More than 2.9 million passengers utilised passenger transport services throughout the year.

Held more than 40 events and meetings as part of our Long Term Plan consultation and adopted the Long Term Plan 2018-2028 in June which came into force on 1 July 2018.

In February 2018, Komiti Māori endorsed He Korowai Mātauranga. The framework sets out the pathway to build organisational capability, recognition and provision for Mātauranga Māori.

Highlights 2018/19


Decisions were received from the courts in relation to 12 prosecutions, resulting in a total of $543,025 in fines. Prosecutions related to unlawful earthworks or discharges of sediment, effluent, and oil.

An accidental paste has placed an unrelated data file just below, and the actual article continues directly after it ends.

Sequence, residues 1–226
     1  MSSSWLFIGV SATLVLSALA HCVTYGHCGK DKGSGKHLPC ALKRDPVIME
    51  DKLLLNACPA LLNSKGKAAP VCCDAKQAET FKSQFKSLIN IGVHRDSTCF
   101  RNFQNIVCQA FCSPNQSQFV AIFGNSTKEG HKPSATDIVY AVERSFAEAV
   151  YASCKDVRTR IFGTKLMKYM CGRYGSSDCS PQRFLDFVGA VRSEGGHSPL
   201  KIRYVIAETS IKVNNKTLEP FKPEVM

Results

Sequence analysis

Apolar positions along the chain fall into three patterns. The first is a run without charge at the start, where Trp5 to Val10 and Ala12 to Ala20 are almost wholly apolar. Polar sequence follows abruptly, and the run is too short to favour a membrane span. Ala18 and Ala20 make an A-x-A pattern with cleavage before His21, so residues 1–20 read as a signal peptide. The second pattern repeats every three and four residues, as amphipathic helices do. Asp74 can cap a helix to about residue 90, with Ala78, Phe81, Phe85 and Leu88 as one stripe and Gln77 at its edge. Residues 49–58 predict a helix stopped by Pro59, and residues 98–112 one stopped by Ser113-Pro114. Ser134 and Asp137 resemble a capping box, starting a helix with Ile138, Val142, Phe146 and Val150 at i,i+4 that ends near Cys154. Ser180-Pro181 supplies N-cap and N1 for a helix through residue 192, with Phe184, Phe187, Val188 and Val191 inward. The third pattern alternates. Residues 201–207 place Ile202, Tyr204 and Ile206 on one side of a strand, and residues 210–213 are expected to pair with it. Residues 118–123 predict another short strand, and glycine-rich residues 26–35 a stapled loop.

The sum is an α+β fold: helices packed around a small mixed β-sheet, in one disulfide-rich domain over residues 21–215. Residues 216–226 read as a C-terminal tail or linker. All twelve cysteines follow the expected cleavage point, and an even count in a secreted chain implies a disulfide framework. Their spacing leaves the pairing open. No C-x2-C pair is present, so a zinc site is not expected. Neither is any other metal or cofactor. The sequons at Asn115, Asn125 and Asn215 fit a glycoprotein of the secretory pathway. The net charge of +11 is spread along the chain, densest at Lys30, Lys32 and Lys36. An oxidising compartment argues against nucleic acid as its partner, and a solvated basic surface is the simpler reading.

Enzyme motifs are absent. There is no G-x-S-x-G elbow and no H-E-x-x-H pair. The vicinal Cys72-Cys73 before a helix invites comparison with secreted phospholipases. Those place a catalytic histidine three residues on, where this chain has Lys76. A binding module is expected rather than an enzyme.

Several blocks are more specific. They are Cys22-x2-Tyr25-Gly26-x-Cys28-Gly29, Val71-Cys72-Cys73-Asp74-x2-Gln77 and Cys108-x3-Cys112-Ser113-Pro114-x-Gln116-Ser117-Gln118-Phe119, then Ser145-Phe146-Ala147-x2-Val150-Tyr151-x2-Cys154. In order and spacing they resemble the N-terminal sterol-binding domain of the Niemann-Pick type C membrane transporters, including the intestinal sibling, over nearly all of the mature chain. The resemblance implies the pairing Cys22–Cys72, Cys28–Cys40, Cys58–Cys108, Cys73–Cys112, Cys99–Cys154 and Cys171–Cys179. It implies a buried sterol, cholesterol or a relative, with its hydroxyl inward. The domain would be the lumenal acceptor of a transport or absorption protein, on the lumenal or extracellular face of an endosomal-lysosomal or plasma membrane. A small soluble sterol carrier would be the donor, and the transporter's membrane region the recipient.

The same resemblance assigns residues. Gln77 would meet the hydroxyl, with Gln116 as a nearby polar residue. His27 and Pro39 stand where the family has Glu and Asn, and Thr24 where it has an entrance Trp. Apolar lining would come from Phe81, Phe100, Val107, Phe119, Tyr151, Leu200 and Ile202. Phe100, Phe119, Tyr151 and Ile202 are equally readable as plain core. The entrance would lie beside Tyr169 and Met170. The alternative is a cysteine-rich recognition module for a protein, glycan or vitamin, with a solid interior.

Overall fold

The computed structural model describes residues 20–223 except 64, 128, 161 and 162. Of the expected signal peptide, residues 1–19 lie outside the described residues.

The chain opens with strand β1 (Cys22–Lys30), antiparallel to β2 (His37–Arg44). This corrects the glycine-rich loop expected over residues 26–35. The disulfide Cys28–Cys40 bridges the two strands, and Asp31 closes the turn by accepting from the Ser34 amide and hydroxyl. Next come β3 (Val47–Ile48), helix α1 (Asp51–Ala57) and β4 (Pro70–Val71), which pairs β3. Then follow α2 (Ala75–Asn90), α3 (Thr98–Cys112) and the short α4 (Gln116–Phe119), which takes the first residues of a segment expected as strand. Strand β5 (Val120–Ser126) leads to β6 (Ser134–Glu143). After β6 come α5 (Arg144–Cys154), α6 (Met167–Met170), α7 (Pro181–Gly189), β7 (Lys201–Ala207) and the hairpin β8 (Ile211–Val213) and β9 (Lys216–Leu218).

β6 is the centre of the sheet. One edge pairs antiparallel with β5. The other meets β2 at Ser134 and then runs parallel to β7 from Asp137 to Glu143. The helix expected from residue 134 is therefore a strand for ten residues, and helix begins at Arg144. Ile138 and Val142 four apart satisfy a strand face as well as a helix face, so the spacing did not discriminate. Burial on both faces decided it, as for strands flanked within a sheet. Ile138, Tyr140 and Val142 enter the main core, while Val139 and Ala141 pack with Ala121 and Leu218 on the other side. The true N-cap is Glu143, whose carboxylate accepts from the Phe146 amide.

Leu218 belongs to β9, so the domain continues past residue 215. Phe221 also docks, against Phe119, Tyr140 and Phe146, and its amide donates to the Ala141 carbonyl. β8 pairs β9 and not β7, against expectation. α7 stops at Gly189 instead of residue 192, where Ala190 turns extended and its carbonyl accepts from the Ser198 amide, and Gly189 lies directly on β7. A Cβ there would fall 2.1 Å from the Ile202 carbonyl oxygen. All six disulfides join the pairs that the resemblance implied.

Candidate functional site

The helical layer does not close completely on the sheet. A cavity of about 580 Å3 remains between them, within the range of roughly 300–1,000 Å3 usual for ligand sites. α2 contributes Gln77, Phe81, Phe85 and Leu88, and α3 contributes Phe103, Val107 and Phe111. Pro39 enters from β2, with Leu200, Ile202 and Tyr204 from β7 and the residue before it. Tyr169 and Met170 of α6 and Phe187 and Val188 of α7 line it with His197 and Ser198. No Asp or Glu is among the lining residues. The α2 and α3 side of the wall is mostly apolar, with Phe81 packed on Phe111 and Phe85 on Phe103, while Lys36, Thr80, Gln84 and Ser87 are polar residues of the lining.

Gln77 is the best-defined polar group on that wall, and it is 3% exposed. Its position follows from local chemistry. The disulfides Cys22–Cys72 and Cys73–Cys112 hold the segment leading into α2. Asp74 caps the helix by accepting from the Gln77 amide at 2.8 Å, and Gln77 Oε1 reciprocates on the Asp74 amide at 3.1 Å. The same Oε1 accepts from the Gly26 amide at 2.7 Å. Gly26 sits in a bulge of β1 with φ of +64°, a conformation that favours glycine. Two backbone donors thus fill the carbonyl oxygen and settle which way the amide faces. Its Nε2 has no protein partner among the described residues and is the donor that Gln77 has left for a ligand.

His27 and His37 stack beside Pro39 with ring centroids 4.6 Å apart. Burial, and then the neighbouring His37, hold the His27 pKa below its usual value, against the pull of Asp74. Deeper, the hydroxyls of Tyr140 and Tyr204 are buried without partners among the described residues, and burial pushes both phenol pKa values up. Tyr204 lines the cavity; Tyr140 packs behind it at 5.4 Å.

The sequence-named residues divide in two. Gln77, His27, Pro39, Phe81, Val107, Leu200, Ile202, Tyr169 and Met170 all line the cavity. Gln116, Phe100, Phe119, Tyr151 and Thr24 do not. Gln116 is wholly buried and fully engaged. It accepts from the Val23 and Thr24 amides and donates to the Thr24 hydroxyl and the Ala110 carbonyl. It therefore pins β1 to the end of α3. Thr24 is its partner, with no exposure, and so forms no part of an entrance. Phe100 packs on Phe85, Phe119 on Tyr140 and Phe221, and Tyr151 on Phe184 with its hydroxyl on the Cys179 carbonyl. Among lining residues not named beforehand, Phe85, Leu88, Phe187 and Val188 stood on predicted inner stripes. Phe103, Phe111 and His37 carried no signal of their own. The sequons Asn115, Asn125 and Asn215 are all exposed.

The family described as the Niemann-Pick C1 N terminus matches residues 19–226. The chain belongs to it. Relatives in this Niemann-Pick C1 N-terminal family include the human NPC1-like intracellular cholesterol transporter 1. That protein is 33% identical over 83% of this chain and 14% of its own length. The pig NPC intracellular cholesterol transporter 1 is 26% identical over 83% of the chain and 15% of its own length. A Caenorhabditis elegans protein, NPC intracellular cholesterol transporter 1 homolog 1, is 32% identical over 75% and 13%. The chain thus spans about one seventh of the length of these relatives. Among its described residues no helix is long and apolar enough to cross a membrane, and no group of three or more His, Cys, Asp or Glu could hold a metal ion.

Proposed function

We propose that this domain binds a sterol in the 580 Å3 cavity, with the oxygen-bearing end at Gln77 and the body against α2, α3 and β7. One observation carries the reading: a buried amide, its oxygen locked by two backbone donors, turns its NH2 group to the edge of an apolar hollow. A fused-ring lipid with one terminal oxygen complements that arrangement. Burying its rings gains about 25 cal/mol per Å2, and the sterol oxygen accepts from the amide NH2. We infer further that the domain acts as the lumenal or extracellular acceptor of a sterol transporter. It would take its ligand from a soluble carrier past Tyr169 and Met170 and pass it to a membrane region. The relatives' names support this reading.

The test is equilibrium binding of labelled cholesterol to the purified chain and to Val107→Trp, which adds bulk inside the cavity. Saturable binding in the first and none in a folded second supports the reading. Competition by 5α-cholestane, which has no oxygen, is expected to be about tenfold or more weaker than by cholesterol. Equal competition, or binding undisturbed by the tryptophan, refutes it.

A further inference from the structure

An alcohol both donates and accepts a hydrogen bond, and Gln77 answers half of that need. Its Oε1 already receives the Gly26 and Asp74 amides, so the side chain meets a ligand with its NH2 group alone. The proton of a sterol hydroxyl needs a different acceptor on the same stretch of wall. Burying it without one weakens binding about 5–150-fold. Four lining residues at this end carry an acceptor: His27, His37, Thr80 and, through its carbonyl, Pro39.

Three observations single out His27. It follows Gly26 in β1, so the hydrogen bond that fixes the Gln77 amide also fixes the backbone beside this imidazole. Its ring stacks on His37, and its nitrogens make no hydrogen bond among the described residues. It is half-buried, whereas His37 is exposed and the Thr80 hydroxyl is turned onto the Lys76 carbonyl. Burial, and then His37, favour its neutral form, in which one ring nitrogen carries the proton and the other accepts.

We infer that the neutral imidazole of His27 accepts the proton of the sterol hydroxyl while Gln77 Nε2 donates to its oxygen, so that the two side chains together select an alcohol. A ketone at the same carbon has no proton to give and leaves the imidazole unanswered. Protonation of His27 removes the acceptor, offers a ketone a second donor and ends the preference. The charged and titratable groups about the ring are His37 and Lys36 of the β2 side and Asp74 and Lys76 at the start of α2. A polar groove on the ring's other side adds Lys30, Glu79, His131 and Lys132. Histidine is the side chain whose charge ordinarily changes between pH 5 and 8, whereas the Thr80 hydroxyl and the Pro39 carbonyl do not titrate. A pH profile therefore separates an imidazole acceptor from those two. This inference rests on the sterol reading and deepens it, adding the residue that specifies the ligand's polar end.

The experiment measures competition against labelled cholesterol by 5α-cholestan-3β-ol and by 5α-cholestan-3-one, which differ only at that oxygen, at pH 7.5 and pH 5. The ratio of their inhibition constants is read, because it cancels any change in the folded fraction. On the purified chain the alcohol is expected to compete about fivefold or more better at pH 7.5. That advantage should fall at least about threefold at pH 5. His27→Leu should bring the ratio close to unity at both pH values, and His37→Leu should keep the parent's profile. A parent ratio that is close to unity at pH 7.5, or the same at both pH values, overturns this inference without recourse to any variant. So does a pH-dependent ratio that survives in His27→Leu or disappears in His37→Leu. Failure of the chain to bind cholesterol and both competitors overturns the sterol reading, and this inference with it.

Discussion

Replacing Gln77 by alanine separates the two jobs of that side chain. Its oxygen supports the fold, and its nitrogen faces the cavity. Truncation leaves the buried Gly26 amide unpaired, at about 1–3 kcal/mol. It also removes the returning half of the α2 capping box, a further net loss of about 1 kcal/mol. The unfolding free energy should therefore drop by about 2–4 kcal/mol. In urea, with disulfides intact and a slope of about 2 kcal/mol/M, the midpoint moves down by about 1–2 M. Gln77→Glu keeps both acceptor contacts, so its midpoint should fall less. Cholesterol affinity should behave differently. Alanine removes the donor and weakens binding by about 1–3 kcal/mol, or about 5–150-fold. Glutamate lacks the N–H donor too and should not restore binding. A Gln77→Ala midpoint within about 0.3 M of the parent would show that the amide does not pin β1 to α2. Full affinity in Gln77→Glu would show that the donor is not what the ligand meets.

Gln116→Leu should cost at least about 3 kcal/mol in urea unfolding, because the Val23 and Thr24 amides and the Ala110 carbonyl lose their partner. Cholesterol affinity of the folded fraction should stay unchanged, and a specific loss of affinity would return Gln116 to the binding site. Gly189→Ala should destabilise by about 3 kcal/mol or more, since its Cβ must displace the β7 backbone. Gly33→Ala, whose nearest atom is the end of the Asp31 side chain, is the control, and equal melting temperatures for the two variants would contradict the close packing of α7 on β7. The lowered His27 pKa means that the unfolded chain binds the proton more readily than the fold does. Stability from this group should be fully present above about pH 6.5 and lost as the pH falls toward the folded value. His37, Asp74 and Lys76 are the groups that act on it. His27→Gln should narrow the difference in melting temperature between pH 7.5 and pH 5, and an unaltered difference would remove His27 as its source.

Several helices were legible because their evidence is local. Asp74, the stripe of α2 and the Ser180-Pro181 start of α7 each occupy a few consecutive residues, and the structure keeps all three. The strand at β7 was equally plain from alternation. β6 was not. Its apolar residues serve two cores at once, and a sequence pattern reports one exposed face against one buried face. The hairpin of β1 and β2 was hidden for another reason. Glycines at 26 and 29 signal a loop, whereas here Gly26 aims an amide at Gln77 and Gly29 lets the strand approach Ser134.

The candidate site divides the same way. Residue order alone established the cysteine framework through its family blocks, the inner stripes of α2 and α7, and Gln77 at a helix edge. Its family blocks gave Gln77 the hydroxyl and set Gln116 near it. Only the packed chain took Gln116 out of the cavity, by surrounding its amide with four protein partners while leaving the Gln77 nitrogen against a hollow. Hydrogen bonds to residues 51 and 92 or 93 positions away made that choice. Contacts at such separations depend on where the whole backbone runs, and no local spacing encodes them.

Proposed Plan Change 13 (Air Quality) to the Regional Natural Resources Plan was publicly notified and decisions on submissions released in March 2019.

Decisions on submissions for Proposed Plan Change 9 – Region-wide Water Quantity to the Bay of Plenty Regional Natural Resources Plan – were notified 9 October 2018.

In June 2019, we declared a Climate Emergency and adopted our Climate Change Action Plan. This highlights our commitment to work with the community on our transition to a low carbon future and our adaption to our changed climate.

The Kaituna River Re-diversion project tracked approximately six months ahead of schedule.

Accepted 9,964 samples and undertook a total of 71,860 tests in our labs.

Carried out 1,106 physical river-flow measurements.

Received and responded to 3,519 calls through the Council’s Pollution Hotline. This is 19.5% more than last year, continuing a trend of increased calls over the last 5 years.